Skip to main content
U.S. flag

An official website of the United States government

Metallogeny of the midcontinent rift system of North America

January 1, 1992

The 1.1 Ga Midcontinent rift system of North America is one of the world's major continental rifts and hosts a variety of mineral deposits. The rocks and mineral deposits of this 2000 km long rift are exposed only in the Lake Superior region. In the Lake Superior region, the rift cuts across Precambrian basement terranes ranging in age from ??? 1850 Ma to more than 3500 Ma. Where exposed, the rift consists of widespread tholeiitic basalt flows with local interlayered rhyolite and clastic sedimentary rocks. Beneath the center of Lake Superior the volcanic and sedimentary rocks are more than 30 km deep as shown by recent seismic reflection profiles. This region hosts two major classes of mineral deposits, magmatic and hydrothermal. All important mineral production in this region has come from hydrothermal deposits. Rift-related hydrothermal deposits include four main types: (1) native copper deposits in basalts and interflow sediments; (2) sediment-hosted copper sulfide and native copper; (3) copper sulfide veins and lodes hosted by rift-related volcanic and sedimentary rocks; and (4) polymetallic (five-element) veins in the surrounding Archean country rocks. The scarcity of sulfur within the rift rocks resulted in the formation of very large deposits of native metals. Where hydrothermal sulfides occur (i.e., shale-hosted copper sulfides), the source of sulfur was local sedimentary rocks. Magmatic deposits have locally supported exploration and minor production, but most are subeconomic presently. These deposits occur in intrusions exposed near the margins of the rift and include CuNiPGE and TiFe (V) in the Duluth Complex, U-REE-Nb in small carbonatites, and breccia pipes resulting from local hydrothermal activity around small felsic intrusions. Mineralization associated with some magmatic bodies resulted from the concentration of incompatible elements during fractional crystallization. Most of the sulfide deposits in intrusions, however, contain sulfur derived from country rocks; the interaction between magma and country rocks was important in generation of the magmatic CuNi sulfide deposits. A mantle plume origin has been proposed for the formation of the Midcontinent rift. More than 1 million km3 of mafic magma was erupted in the rift and a comparable volume of mafic intrusions are inferred beneath the rift, providing a ready and structurally confined supply of mafic source rocks that were available for leaching of metals by basinal brines. These brines were heated by a steep geothermal gradient that resulted from the melting and underplating of magma derived from the plume. Hydrothermal deposits were emplaced for at least 30-40 m.y. after rift magmatism and extension ceased. This time lag may reflect either the time required to heat deeply buried rocks and fluids within the rift, or may be due to the timing of post-rift compression that may have provided the driving mechanism for expulsion of hydrothermal fluids from deep portions of the rift. ?? 1992.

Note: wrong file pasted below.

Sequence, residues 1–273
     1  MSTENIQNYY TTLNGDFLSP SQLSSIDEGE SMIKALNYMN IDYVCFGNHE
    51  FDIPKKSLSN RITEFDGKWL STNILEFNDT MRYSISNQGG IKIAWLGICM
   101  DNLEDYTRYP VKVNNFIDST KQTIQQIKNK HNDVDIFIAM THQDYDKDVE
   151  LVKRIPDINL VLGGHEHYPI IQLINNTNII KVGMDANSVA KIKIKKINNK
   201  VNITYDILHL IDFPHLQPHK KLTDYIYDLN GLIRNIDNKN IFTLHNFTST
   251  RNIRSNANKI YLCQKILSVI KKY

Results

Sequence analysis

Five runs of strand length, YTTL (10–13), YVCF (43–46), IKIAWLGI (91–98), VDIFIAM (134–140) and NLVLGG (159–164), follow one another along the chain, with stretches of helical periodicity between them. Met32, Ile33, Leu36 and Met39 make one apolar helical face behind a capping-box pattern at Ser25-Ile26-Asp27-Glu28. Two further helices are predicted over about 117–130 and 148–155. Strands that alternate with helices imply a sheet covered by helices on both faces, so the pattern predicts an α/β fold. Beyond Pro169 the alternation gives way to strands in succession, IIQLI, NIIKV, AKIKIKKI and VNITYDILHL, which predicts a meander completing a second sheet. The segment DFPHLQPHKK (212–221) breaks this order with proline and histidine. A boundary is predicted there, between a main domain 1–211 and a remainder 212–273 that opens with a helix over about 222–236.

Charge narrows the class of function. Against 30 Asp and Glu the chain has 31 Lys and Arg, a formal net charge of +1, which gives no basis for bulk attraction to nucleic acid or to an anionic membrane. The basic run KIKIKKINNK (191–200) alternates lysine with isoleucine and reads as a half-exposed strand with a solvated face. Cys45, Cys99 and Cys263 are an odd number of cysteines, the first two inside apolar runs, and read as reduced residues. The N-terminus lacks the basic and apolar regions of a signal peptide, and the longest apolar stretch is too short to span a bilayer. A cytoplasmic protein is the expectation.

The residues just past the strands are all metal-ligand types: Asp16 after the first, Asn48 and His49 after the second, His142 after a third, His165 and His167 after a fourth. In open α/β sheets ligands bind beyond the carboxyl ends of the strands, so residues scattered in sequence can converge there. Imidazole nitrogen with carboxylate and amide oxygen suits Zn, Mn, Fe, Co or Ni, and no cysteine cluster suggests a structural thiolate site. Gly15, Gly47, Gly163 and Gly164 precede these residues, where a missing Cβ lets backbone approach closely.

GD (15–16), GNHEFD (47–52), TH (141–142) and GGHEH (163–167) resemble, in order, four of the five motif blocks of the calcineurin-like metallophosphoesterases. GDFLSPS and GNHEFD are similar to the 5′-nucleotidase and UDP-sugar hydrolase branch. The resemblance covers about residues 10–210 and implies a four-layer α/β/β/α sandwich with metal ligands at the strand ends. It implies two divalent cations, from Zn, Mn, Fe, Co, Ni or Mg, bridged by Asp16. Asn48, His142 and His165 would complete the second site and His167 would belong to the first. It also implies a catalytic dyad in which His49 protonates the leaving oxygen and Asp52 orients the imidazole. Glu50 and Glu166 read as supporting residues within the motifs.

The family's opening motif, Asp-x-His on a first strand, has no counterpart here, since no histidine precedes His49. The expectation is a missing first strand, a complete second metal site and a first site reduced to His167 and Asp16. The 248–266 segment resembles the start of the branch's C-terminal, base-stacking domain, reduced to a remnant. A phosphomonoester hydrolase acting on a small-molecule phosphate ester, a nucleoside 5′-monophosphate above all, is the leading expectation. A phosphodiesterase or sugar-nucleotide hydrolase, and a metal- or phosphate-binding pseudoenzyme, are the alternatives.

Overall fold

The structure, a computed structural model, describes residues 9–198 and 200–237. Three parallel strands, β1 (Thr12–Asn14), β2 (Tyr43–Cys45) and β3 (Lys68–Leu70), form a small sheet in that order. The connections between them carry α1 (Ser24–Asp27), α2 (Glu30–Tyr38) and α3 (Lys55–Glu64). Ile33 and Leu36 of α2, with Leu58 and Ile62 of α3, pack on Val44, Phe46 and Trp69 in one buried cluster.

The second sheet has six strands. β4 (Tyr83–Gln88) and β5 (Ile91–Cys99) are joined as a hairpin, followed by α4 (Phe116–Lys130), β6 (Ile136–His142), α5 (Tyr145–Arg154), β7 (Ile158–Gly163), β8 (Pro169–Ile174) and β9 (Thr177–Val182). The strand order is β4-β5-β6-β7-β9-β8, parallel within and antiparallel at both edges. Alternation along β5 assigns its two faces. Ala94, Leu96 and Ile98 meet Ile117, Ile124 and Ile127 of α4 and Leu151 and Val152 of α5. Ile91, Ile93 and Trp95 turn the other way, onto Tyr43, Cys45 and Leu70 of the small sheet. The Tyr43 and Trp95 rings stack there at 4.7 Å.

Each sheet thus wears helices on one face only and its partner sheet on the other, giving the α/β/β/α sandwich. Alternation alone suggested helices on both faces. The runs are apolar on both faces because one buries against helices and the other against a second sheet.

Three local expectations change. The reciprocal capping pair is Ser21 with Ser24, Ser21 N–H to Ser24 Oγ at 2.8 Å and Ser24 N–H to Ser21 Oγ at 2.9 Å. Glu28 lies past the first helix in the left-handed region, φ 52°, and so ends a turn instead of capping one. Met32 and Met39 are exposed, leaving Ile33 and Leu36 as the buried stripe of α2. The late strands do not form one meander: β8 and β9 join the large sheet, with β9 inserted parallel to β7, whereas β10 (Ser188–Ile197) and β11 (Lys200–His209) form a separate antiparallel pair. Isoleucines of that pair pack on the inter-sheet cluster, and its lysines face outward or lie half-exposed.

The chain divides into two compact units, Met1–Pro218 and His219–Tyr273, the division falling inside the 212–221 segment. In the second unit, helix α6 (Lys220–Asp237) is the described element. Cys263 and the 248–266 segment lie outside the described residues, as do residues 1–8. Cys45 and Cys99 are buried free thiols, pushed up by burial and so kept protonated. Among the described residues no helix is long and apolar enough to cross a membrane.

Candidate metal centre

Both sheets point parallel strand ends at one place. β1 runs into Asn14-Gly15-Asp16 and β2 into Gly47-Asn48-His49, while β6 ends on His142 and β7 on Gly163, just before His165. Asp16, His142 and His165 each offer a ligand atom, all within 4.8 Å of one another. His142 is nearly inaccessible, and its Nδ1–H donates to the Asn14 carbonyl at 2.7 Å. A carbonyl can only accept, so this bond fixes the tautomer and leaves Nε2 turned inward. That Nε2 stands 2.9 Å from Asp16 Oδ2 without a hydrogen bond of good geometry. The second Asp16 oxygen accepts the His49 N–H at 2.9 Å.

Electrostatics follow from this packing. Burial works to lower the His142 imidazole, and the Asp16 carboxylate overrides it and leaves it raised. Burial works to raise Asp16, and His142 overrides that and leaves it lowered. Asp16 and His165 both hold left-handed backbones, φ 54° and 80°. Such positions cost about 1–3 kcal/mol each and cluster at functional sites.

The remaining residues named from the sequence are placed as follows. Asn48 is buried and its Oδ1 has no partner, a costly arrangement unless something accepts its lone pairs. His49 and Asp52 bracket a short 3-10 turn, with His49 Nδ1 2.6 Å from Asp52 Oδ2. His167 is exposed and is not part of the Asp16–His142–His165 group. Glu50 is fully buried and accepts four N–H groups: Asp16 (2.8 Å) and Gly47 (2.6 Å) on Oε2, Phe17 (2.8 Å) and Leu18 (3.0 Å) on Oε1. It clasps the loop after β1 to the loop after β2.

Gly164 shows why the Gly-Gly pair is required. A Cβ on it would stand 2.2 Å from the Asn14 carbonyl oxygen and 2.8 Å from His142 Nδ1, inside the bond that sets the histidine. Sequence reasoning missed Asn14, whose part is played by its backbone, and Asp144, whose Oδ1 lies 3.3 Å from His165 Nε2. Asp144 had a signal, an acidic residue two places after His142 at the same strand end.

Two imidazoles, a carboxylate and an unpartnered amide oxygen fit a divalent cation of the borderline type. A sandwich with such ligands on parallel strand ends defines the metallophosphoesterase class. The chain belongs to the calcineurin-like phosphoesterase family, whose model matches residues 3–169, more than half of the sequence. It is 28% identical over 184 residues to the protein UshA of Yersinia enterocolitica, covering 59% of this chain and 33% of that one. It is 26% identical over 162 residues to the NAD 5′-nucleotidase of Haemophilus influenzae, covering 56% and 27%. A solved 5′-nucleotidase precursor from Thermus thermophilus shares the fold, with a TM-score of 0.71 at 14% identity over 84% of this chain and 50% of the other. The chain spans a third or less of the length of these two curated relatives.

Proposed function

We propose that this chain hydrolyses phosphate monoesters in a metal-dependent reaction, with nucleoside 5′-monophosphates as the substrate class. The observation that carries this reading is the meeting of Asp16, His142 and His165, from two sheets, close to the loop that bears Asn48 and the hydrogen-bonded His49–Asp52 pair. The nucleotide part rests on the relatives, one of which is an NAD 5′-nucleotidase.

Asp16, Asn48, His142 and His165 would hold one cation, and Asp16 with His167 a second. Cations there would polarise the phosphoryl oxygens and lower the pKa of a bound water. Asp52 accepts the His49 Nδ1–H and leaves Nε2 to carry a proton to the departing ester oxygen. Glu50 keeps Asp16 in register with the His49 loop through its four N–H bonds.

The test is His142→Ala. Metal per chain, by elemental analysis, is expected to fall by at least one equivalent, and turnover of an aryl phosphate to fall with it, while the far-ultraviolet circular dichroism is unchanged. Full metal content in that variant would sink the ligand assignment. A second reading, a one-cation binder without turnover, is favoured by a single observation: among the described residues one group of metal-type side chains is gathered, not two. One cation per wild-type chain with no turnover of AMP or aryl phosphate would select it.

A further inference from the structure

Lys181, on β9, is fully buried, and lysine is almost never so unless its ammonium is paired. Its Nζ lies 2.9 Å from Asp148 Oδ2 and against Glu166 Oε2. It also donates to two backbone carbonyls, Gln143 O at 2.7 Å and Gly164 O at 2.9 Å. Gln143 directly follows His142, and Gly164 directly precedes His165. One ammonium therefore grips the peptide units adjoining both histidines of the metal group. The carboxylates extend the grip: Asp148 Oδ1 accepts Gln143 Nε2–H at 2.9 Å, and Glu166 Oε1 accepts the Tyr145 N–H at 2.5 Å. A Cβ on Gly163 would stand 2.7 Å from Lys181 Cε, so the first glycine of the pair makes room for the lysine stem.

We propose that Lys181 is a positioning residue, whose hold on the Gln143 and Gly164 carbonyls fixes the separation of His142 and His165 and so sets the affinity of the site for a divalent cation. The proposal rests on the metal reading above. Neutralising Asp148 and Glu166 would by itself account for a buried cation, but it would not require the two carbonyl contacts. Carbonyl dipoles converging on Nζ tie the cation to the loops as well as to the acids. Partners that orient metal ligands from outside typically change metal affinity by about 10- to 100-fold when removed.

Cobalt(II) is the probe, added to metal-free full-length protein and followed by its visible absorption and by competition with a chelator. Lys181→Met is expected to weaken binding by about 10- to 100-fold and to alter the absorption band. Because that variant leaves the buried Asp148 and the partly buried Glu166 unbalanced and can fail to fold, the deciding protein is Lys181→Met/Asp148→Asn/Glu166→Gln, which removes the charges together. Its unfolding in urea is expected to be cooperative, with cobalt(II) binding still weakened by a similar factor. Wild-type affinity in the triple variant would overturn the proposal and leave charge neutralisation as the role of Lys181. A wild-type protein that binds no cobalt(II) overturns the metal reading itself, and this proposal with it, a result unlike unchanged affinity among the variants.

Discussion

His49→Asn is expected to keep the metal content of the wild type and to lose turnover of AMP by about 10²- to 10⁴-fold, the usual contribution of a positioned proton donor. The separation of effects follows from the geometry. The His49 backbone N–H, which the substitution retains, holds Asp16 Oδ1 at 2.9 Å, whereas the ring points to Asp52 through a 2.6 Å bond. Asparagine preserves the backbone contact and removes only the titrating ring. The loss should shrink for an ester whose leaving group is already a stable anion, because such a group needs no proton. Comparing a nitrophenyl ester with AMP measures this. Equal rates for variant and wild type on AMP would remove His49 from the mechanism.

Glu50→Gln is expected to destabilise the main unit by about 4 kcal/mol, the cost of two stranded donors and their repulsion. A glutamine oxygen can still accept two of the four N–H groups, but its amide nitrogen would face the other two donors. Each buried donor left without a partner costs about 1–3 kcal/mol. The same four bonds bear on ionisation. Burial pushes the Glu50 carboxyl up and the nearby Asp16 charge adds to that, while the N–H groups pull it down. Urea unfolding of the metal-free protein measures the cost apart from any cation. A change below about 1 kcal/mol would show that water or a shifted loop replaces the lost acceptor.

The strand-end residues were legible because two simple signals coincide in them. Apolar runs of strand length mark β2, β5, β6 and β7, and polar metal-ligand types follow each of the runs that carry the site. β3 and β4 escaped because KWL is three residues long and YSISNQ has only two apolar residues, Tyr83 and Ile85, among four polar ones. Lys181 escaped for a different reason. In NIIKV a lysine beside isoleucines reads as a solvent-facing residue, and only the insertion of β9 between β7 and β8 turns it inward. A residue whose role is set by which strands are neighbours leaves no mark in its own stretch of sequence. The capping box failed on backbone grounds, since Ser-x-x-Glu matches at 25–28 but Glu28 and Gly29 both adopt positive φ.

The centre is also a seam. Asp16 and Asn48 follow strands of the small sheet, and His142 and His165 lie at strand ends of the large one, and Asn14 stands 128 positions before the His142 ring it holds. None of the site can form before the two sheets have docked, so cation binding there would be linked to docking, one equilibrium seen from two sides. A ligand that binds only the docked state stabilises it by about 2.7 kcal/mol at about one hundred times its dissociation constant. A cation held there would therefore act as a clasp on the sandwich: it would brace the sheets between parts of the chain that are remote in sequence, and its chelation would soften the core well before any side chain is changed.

Publication Year 1992
Title Metallogeny of the midcontinent rift system of North America
Authors S. W. Nicholson, W. F. Cannon, K. J. Schulz
Publication Type Article
Publication Subtype Journal Article
Series Title Precambrian Research
Index ID 70017108
Record Source USGS Publications Warehouse